How to teach your toddler to say sorry - Lovee

How to teach your toddler to say sorry

Children are born as empathetic beings, who love and understand others around them. Often trying to fix something at any cost, I used to lose sight of things and rushed. The most obvious example of this is an apology.

I have always wanted to teach my children to recognise and understand different types of emotions, both in themselves and in others. I wanted to raise a child who respects and appreciates other person’s time, body, personality, space, and possession. An empathetic child who understands why it is wrong to hurt others in any way. A child honest in his words and in his heart, towards himself and towards others. I wanted all of this from my children, but I did not think that they can achieve all of that by themselves.

Many parents sooner or later become concerned about their children’s behaviour. Although it may seem that they have gotten out of control, there are methods that can help your child learn and feel the magic word “sorry.”

I would definitely agree that toddlers should not be forced to say “sorry” when they do something wrong. I have learned that very quickly. However, this does not mean that children should be completely free in their everyday behavior. Adults should teach children why something they did is not good, and at the same time give them a lesson in manners. For example, forcing a child to say “sorry” after striking or biting another child, forces an unconvincing and insincere “sorry”, after which their behaviour will not change.

Experts have different views, but I generally agree that it is best when you give your children space to think what is wrong with what they did, why it is bad, and how it has affected the other child or person. After giving them some time to think, ask them what they would do to change the situation. If a kid just offers an apology or a hug, then that’s his own idea, and it’s certainly honest. Parents often think that some children’s procedures are immediate and will not happen again. However, if you remain silent, you are letting the child know that what he or she is doing is not so important and that there will necessarily be no consequences.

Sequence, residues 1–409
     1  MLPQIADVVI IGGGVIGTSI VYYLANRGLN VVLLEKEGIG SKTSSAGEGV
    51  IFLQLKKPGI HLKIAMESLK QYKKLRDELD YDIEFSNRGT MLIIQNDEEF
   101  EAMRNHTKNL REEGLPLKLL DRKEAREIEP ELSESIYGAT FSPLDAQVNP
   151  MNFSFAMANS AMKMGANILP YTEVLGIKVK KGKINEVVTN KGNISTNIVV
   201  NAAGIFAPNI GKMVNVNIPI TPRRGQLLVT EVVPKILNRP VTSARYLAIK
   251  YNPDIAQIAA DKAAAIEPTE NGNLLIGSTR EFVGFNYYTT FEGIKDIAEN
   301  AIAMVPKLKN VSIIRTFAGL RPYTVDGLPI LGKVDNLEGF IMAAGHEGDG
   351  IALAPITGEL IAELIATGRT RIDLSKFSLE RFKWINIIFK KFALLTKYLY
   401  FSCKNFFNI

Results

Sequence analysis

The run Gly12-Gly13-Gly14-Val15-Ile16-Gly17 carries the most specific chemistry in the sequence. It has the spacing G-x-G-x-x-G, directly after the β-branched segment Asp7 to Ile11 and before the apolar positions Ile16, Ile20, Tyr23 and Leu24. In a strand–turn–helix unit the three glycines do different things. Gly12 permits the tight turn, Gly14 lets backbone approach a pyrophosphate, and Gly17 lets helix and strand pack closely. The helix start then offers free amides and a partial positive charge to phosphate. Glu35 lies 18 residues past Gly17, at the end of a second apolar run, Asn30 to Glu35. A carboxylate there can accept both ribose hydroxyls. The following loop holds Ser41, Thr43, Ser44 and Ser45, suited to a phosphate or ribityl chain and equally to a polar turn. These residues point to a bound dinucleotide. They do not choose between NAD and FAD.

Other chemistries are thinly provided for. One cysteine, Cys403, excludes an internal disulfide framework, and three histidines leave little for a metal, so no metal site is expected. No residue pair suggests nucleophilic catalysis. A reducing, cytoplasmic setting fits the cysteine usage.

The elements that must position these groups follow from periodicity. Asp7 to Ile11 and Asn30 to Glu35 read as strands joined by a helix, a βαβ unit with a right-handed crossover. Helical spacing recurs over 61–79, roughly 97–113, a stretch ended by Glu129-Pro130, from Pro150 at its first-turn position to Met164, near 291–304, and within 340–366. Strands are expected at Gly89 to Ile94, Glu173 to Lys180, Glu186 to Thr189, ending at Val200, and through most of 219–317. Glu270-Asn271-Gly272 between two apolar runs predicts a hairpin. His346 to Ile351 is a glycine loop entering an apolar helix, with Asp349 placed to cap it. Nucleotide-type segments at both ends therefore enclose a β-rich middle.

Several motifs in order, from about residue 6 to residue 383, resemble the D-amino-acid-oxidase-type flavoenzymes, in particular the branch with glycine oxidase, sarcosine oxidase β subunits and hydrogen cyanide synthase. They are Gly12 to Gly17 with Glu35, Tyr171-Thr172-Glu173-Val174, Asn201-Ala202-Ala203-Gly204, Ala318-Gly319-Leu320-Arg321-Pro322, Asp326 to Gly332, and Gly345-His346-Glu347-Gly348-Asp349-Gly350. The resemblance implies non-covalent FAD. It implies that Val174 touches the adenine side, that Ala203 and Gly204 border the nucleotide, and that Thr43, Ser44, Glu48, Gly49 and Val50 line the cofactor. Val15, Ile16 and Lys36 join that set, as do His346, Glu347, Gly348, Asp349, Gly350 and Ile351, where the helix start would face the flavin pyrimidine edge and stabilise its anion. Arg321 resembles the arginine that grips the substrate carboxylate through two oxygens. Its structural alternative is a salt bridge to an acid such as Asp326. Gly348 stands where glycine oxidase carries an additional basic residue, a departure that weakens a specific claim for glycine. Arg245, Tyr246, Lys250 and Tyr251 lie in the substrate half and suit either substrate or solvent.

At preschool, children will begin to learn about empathy, and those feelings are often very strong. When a child learns that his or her actions have made another child feel sad or angry, for example, it can have a greater impact on him or her than any punishment. The role of the adult should be to help the child understand, first, that his or her behavior has caused the other child to feel unwell (either physically or emotionally) and then to accept responsibility and to feel responsible for their actions.

Good communication with kindergarten educators is extremely important. I was applying certain lessons and teaching methods to my children at home, and I thought it would be a good idea to inform the kindergarten teacher about this. That way, I was sure that my children are in good hands even when I am not present.

I learned that it takes confidence and it takes time. All the courtesy words my children learned, they learned by observing and following my example: words such as thank you, goodbye, good afternoon. I never said that he and she should persecute the elderly, so they always did it infallibly because they have listened to and learned from me. So it is with the word “sorry”. How often does a child hear us say that? How often do we apologise to others when we mess up? Are we the parents who keep our backs and represent ourselves as infallible, or do we allow ourselves to show our humanity, and weaknesses in front of our children? In acknowledging our mistakes, we tell the child that it is OK to go wrong and admit it. Appearing to be perfect, we indirectly tell him that mistakes are not allowed to them.

One more word of advice: Never let your child feel disturbed when they do something wrong. Remember the old saying, “I love you, but I don’t like your behaviour”.

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